Phenomenal World: Juliana and Homer Schamp Memorial Scholarship seeks to inspire the next generation of teachers

Published: Jul 27, 2016

double helix art piece
One of the earliest pieces of public art remaining on campus is Double Helix, a work in Tennessee Black Marble situated at a prominent spot in front of UMBC’s Administration Building. It was created by former UMBC student Robert DuBourg, and it was purchased by the university and installed circa 1978.

Think back to the science classes you took as a child. What do you remember about them? Did you watch a caterpillar spin a cocoon and emerge a butterfly, or a tadpole grow into a frog? Did you turn baking soda and vinegar into a fuming volcano, or set off a homemade hot air balloon from the school parking lot? Did you feel a sense of wonder as you watched the world work its unique magic?

That’s the sense of wonder the late Homer W. Schamp, Jr., UMBC’s first dean of the faculty, professor emeritus of education, and trained physicist, pursued science with, and one he sought to instill in both his students and his own children. His wife Juliana Reese Schamp, who worked on important sociological research for the state of Maryland, treated life the same way, until her passing in 2009.

With the Juliana and Homer Schamp Memorial Scholarship, their sons, Brough and David Schamp, hope to keep their parents’ legacy of intellectual curiosity alive in the next generation of K-12 science educators.

Throughout his life, Dr. Schamp, a former College Park physics professor who joined UMBC in 1965, emphasized early education as a crucial part of a child’s intellectual development. His own introduction to science began during his childhood in rural Ohio, when, according to his son David, he became fascinated with the engineering of farm equipment. It’s a curiosity he emphasized to the education classes he taught here, and something he brought up his own children with as well.

“He exposed us to all kinds of different things as we were growing up,” says Brough. “Mushroom hunting, […] botany, the stars, everything. […] His main field was physics, which is really pretty abstract, but what he really was interested in was the phenomenal, real world that we live in.” After his retirement, Brough says, Dr. Schamp built several kinetic sculptures and interactive physics-based artworks, including a large kaleidoscope on display at the American Visionary Art Museum in Baltimore.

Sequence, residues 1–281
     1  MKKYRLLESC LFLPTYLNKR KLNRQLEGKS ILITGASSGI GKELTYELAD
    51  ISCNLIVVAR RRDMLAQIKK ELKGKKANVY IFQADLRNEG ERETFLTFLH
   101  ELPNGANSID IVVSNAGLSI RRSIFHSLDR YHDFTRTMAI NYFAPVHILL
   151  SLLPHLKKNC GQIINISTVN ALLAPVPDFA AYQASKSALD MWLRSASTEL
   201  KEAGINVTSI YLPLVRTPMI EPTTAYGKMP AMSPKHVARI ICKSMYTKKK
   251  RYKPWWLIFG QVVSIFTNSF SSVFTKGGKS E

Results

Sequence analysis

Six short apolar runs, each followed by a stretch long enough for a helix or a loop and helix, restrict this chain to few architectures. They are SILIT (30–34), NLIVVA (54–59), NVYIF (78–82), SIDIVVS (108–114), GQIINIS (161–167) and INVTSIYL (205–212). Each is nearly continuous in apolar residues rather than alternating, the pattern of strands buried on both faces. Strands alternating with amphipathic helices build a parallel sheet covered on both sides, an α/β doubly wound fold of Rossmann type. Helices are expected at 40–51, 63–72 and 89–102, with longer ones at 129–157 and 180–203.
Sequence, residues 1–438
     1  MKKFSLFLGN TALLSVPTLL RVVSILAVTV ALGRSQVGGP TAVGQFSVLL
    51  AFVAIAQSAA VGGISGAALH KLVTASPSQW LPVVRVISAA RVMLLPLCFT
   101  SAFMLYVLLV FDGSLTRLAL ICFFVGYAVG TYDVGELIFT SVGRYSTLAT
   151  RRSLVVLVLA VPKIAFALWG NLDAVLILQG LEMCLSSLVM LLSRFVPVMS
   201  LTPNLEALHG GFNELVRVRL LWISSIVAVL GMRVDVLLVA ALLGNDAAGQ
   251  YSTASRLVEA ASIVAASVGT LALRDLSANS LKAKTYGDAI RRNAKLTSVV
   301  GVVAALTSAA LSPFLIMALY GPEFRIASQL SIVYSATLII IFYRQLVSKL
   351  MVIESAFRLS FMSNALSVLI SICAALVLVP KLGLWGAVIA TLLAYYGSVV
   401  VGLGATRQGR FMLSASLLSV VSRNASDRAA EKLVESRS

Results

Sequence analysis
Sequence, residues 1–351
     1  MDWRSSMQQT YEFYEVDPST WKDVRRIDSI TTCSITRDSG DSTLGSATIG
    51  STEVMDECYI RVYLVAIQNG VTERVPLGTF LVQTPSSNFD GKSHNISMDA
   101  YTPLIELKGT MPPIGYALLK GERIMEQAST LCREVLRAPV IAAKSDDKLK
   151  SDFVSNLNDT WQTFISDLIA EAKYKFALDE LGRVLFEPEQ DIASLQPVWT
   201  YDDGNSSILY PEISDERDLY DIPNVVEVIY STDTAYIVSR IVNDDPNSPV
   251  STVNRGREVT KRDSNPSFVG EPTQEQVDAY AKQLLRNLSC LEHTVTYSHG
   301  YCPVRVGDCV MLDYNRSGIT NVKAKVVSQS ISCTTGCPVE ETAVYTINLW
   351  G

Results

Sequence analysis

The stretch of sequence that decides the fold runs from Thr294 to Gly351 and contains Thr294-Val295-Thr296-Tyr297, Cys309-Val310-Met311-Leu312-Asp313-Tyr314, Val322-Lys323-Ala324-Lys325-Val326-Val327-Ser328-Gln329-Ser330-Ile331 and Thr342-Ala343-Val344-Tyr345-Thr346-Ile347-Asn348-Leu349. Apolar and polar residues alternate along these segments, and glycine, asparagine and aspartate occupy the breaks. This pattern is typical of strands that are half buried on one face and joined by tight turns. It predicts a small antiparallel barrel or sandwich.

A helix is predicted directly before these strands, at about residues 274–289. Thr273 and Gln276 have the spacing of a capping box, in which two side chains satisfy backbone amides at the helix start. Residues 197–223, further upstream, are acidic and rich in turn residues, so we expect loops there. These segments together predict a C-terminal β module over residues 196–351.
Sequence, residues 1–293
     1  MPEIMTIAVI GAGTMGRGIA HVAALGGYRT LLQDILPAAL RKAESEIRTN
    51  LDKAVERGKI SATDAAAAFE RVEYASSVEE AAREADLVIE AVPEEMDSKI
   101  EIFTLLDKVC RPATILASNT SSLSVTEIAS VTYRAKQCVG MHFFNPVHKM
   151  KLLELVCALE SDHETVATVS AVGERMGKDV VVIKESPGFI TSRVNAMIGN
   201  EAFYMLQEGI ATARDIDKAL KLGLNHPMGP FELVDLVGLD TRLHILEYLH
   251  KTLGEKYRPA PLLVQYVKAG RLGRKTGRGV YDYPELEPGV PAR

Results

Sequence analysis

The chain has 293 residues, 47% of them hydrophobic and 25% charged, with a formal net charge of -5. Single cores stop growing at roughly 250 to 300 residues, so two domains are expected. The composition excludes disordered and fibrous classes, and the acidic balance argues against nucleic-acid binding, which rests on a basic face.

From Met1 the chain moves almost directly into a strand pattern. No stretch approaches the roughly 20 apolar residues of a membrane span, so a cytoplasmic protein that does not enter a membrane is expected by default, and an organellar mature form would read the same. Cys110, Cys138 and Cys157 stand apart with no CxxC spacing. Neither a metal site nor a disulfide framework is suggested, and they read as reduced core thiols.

Brough shares his father’s belief that science “should be a hands-on subject,” and says that computers and technology can create a distance between students and the physical world around them.

“The kids should be inspired by something they saw, heard, felt, experienced,” he says. “[That] inspiration is something that is often lost if you’re just looking at something on a computer and answering questions.”

In keeping with his philosophy on education, Dr. Schamp made sure to hire only the highest-quality professors, and it’s doubtful that UMBC would be the hub for innovative teaching and experiential learning it is today without the Schamps’ early influence.

“UMBC was my father’s life’s work and both of my parents conceived of it as a first rank teaching institution,” David says. While his mother, Juliana, was never a faculty member, she was “instrumental in [UMBC’s first faculty] being hired, as recruitment usually began as an evening in our home where my parents could converse [with candidates] on almost any topic.”

Giving back to UMBC seems to run in the family: Homer and Juliana Schamp established the Joseph D. Reese Memorial Prize, a biennial award given to history students, in memory of her father. “It seemed only natural to want to contribute to a place so dear to [our parents],” says David.

He agrees with his brother that their parents raised them to be thinkers, to ask questions.

“I often later felt I had learned my most important lessons at home — specifically how to learn — [and] that curiosity and thoroughness were rewarding and that it had to come from within. Knowing how to learn is the most crucial skill a teacher can pass on and my parents really encapsulated that skill. I would hope any future teachers would want to engender that in their pupils,” he says.

We don’t know exactly what science education will look like when the first Schamp scholar teaches their first class, but we do know that they’ll have the intellect, leadership, and natural curiosity to inspire a new generation of learners.

Julia Celtnieks ’13

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